The Blog Post below is from Kevin Lindsay,Product Marketing Head at Adobe.
Vision From the Harbor: How to Make Every Customer Journey Legendary
You’ve undoubtedly seen the iconic Sydney Opera House before — if not in person, then certainly in photos and videos. I’m sure it’s one of the most recognizable structures in the world with its bold design and unique look and feel. It’s truly a modern wonder.
And that modern wonder didn’t happen by accident. It took 16 years of research, speculation, testing, refining, and ultimately, construction to complete — and it was well worth the time and effort invested. The results have brought in an average of 200 million engaged audience members from around the world, year after year, for decades.
Your business isn’t much different from the opera house, really. The Sydney Opera House is known for not only its architectural prowess, but also the experience it delivers. Whether you step inside, stroll past, or even just see it in photos, you know you’re witnessing something truly remarkable — something truly innovative and one of a kind.
And your business? It’s one of a kind, too — with rich, customer-led experiences around every corner. The ongoing conversations you have with your customers are what drives these experiences — those conversations are what they’ll remember about your company minutes, hours, and even years later.
And, like the opera house, those experiences don’t just happen. In this experience-driven landscape, you need to use the same data-driven and entirely iterative process they used in Sydney — test, analyze, and optimize to create something iconic.
A Familiar Three-Stage Blueprint
Done right, it’s an experience consumers will never forget, an experience that follows a very similar blueprint. The Sydney Opera House was built in three stages — three stages that can also help your business create an iconic customer journey.
STAGE 1: Design & Deliver
In this first stage, as the name suggests, the opera-house team worked from a carefully designed plan, and together, they laid the foundation for success.
Think about the journey you’re inviting your customers to dive into with you. It’s not haphazard, and it’s not ambiguous — it’s a powerful, rich, experience-driven journey. And, I’m sure it has a comprehensive blueprint anchoring those first few steps as well as all future efforts — a blueprint with the flexibility to grow, evolve, and deliver increasing relevance as customers continue down the path alongside your brand.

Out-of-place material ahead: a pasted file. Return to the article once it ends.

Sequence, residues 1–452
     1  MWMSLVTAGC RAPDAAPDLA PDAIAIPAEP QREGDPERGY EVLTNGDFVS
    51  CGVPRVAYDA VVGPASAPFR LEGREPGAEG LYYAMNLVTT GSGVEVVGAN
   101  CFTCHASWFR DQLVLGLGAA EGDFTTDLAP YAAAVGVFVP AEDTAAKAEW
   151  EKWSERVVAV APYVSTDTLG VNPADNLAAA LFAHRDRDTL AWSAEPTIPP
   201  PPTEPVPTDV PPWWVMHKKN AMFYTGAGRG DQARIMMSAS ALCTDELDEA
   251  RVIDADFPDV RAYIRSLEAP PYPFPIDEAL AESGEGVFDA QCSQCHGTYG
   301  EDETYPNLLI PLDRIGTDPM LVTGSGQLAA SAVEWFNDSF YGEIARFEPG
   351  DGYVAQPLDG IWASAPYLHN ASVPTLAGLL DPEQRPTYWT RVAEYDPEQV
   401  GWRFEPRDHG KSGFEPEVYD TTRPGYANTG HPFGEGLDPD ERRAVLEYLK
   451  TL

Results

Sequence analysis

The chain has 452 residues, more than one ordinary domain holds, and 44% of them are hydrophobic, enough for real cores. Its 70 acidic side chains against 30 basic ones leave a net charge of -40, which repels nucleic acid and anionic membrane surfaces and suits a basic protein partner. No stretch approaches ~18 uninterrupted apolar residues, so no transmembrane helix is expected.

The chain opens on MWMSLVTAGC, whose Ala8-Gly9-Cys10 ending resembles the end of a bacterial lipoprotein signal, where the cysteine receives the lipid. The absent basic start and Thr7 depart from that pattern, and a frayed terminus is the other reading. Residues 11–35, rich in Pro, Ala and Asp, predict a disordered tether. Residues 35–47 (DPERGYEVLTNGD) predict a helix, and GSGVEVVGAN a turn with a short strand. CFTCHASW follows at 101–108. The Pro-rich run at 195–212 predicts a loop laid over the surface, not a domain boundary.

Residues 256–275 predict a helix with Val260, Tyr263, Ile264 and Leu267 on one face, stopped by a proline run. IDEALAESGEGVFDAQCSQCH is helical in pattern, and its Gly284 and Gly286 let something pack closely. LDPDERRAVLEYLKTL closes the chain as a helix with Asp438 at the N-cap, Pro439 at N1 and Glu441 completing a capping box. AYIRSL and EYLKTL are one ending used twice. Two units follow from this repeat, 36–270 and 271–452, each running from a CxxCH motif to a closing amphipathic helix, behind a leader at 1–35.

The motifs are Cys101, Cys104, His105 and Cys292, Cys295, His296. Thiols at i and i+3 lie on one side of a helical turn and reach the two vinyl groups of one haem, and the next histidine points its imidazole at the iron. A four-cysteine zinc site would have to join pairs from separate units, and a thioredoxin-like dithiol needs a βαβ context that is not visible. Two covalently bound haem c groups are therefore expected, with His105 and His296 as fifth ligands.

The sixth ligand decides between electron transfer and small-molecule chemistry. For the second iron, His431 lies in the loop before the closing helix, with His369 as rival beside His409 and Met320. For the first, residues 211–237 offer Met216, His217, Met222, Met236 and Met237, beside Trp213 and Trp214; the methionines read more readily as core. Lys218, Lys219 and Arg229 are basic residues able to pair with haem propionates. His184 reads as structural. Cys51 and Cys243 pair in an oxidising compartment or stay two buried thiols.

For marketers, this stage is actually twofold. First, you need a blueprint — solid principles you can build upon every time a consumer enters your brand experience. Think about a company like Amazon in which the customer journey is anything but linear. Some consumers visit the site to comparison shop, others look for reviews, and some, of course, actually make purchases. Next, think about a car manufacturer — General Motors, for example. The customer journey is just as complicated — and often roundabout — but it’s a much slower, more deliberate process. You don’t just click to buy a car. But, the goals — reading reviews, comparing prices, and ultimately, making a purchase — are the same in both instances.
Unsurprisingly, the customer journeys for these two organizations are very different, and likewise, the way your company approaches customer journeys will be different. To get it right, you’ll need to understand how consumers interact with your brand, so you can deliver the kinds of spot-on relevance they crave. If you miss the mark, they won’t be customers for long — if ever.
STAGE 2: Test & Triumph
Then, like the Sydney Opera House, it’s on to stage two. Here, the team used testing to overcome some inherent design and architectural challenges — for starters, the “shells” that were originally intended to line the sails.
In the original opera-house design, these shells stretched above the structure. It was beautiful; it was jaw-dropping; and it was — geometrically speaking — fairly undefined at first. When construction began, it was immediately apparent that these shells weren’t there to stay. Pretty on paper but impractical — perhaps even impossible — realistically.
Their solution was to test new designs while remaining true to the imaginative shell design. They were, after all, key pieces of the customer experience, as these shells would make the Opera House stand out and the experience (seeing and engaging with the structure) truly legendary.